Seemingly Timeless

A frequency of 3600MHz is decent, but DDR4 memory could run considerably faster. However, G.Skill’s optimization of the NEO is one of the most prominent. It has tight CL16 timings with a minimal power demand increase, thanks to using Samsung B-die.

Excellent overclocking is why more experienced users will love this kit. Getting a whopping 600MHz boost out of it isn’t unheard of if you don’t mind the accompanying timing drop. Tightening the timings further to CL14 is also valid and produces a similar performance bump.

The NEO was the DDR4 memory used in the video linked above, so it’s easy to go back and see the comparison. Is a $100 price difference worth the 20-30fps difference in only two games while results elsewhere are much closer or even indistinguishable? That’s a question you’ll have to answer for yourself.


Corsair Dominator Platinum RGB DDR5

Corsair Dominator Platinum RGB DDR5
Corsair Dominator Platinum RGB
Corsair Dominator Platinum RGB DDR5

Type: DDR5 | Capacity: 32GB (2x16GB) | Clock speed: 5200MHz | CAS Latency: 36 | Die: Micron A | RGB: Yes

  • Looks fantastic
  • Outstanding companion software
  • Unique RGB lighting
  • Not far behind leading kits despite weaker specs
  • Very tall
  • Lighting only syncs with iCUE

Instead of getting the best RAM for Intel i9-13900K  on paper, why not get the shiniest? Due to actual performance differences being so small, that’s a reasonable question to ask.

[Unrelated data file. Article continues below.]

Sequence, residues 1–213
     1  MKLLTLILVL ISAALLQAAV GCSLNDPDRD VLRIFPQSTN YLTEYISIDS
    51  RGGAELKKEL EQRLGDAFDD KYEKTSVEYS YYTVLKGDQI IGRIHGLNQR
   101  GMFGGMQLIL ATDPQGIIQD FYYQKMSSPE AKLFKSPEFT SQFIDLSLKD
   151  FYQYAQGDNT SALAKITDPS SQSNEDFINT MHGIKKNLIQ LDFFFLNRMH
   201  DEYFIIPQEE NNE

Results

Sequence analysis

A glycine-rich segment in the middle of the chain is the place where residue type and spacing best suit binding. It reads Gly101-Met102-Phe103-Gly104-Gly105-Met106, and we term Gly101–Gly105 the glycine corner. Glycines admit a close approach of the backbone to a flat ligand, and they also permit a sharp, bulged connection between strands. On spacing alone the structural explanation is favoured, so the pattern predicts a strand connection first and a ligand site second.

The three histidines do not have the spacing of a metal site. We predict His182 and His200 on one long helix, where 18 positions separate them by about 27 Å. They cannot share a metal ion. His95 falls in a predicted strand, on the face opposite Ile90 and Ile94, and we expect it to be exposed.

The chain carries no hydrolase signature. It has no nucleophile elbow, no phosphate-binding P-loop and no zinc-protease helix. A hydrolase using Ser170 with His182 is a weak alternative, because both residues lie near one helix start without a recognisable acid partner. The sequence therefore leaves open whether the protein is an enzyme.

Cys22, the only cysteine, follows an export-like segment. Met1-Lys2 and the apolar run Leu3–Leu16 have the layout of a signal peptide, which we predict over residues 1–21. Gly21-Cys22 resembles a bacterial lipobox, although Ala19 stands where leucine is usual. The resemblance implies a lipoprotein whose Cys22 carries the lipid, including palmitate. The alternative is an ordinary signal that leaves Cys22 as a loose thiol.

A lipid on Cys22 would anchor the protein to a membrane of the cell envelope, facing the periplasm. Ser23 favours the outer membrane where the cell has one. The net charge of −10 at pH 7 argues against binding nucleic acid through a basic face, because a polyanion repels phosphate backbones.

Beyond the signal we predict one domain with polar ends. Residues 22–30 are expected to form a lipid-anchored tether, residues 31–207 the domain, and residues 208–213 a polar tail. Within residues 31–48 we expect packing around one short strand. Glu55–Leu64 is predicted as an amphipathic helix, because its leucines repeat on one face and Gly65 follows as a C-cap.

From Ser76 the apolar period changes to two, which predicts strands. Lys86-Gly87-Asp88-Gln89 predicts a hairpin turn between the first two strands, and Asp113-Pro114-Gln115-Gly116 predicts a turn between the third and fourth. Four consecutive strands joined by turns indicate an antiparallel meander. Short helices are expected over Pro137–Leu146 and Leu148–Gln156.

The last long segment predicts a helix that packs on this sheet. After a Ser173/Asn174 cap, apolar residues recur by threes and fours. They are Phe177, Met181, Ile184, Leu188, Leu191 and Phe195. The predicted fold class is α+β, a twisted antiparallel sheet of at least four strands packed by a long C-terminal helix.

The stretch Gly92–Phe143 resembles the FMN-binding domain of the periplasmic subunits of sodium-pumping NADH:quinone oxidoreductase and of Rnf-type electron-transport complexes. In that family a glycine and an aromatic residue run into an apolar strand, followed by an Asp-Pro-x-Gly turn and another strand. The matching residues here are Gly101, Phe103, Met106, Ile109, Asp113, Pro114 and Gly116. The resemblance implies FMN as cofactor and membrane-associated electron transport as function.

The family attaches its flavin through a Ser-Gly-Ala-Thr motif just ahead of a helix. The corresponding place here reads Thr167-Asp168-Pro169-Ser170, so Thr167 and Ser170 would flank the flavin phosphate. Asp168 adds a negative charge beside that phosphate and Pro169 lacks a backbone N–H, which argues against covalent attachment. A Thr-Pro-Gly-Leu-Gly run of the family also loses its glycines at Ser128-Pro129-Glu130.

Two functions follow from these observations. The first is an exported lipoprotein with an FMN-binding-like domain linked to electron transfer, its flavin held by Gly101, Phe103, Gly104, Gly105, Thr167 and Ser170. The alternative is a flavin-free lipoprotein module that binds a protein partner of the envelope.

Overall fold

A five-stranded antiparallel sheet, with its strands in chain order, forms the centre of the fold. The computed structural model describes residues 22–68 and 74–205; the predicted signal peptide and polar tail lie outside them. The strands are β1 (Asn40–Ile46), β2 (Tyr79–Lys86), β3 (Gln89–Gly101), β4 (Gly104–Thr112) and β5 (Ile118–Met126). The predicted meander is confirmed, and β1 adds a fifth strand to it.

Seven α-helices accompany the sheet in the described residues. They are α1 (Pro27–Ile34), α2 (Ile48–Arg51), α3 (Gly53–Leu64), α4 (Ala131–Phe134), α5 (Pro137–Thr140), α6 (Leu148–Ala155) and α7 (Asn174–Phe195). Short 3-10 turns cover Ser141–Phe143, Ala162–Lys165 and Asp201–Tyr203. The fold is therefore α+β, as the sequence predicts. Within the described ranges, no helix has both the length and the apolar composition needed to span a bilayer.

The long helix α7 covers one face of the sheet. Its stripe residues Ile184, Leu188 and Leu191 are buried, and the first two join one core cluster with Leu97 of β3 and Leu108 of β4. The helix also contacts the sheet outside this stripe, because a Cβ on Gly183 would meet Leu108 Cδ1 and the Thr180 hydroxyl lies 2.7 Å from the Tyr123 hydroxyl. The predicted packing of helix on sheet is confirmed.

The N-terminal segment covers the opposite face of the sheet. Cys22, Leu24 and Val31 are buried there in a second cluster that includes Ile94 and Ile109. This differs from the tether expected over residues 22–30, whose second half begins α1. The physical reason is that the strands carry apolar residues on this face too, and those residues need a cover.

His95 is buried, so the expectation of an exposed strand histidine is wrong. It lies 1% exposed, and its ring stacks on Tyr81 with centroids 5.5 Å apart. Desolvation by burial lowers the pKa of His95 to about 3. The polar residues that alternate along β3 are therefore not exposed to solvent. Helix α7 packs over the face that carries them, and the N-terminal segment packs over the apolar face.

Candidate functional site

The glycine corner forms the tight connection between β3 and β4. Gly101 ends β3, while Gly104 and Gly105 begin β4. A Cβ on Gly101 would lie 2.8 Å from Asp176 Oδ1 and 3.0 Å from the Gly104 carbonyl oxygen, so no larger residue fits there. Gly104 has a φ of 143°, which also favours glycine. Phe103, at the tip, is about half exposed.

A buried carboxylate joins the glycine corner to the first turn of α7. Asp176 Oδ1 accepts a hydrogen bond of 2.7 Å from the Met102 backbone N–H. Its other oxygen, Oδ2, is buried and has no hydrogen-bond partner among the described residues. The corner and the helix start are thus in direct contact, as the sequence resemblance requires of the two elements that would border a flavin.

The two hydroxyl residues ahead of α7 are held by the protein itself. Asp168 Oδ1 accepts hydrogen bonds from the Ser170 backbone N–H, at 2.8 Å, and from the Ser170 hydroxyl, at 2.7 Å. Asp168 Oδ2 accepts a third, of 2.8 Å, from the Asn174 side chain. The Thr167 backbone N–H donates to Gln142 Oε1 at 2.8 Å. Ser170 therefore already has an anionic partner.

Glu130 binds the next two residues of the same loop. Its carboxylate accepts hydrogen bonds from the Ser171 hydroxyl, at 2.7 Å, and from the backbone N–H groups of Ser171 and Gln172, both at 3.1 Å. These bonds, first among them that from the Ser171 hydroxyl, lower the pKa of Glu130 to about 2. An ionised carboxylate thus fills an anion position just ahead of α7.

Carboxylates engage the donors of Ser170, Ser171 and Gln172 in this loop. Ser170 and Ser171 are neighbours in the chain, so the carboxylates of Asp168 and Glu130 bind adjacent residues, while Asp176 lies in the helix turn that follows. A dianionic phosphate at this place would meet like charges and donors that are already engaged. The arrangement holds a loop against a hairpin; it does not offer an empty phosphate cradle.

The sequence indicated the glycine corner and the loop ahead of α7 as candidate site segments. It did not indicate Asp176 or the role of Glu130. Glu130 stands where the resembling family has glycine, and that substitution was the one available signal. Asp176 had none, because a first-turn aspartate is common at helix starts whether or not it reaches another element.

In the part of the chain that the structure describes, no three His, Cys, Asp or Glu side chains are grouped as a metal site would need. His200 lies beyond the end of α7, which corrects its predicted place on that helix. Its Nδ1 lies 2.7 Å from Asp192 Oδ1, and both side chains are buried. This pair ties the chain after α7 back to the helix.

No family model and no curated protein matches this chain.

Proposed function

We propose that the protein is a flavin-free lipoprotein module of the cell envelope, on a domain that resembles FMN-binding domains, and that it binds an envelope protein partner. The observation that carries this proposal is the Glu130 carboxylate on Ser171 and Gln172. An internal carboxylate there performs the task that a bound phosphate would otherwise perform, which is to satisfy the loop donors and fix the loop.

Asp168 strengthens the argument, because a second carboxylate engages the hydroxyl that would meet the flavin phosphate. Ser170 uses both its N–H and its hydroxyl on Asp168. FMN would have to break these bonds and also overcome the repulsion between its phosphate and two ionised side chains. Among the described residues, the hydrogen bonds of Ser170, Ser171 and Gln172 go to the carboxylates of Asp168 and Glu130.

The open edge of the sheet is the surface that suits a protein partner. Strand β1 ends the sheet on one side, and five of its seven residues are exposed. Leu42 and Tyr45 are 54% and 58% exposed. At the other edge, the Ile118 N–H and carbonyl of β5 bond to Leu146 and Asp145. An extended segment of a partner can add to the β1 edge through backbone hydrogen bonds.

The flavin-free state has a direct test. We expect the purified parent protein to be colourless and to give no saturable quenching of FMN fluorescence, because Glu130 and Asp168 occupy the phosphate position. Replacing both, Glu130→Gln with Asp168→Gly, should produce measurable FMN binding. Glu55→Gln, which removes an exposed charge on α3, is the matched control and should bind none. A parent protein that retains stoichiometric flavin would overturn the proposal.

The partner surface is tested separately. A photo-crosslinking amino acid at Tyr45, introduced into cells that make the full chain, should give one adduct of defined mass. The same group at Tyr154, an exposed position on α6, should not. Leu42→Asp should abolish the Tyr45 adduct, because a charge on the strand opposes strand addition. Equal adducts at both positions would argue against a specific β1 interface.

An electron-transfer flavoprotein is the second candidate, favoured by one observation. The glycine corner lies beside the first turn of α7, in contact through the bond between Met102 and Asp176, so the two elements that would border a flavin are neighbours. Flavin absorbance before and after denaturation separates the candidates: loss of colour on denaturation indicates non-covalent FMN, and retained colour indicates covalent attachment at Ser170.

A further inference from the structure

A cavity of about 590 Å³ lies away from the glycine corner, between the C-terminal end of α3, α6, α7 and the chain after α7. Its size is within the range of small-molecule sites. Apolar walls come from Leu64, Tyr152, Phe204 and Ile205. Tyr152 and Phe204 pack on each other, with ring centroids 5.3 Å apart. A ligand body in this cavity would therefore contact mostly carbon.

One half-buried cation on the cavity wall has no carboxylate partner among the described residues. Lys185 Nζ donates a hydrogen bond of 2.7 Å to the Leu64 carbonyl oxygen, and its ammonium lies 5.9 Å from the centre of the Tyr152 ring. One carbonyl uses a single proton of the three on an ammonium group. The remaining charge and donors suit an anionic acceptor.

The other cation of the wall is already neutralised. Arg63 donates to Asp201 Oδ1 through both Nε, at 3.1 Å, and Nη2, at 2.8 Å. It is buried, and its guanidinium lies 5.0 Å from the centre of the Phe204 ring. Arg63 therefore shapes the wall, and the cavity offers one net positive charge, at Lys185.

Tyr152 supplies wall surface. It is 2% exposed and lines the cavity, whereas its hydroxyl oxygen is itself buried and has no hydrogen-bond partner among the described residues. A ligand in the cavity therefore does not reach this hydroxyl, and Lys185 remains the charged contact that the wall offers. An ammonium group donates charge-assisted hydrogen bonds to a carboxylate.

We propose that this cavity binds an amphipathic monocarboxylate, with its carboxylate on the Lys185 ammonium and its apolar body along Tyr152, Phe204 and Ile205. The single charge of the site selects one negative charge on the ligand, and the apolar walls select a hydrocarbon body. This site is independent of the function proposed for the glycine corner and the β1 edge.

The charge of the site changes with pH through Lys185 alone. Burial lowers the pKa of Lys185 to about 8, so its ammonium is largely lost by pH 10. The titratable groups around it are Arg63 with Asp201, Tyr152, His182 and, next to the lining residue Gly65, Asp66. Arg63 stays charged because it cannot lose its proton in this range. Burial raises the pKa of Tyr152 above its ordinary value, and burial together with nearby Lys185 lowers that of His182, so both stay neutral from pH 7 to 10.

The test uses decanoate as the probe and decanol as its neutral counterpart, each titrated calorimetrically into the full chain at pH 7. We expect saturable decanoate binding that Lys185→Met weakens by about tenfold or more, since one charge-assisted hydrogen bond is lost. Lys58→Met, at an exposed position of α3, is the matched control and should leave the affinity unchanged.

Corsair’s resounding answer is the third incarnation of its blinged-out Dominator Platinum memory. Found inside the most prestigious of setups, it immediately draws attention due to the brightness and vivid colors of its special lighting. The 5200MHz version we went with isn’t all that expensive either, giving users who value style as much as substance no excuses not to grab some.

Like the Delta RGB, the Dominator Platinum RGB retains almost all of its predecessor’s distinct visual elements. The logo is a bit different, but the imposing heat spreader, square-shaped LED holes, and an overarching top reinforcement plate remain the same. This is by far the tallest RAM kit in the guide at 56mm.

Capellix lights are the main reason this kit costs extra compared to others at the same frequency. They’re the same thrifty yet bright lights Corsair uses to great effect in its premium liquid cooling products. The neon-like glow they show off is something else and enhanced further by the diffuser’s unique layout.

As Shiny As It Gets

Previous iterations of the Dominator Platinum RGB regularly used Samsung B-die. Whether to cut costs or for supply reasons, Corsair went with Micron A-die this time. It’s a fitting choice for a 5200MHz kit, especially if you’re the type of user who’ll fire the XMP profile up and forget about the finer points of memory optimization.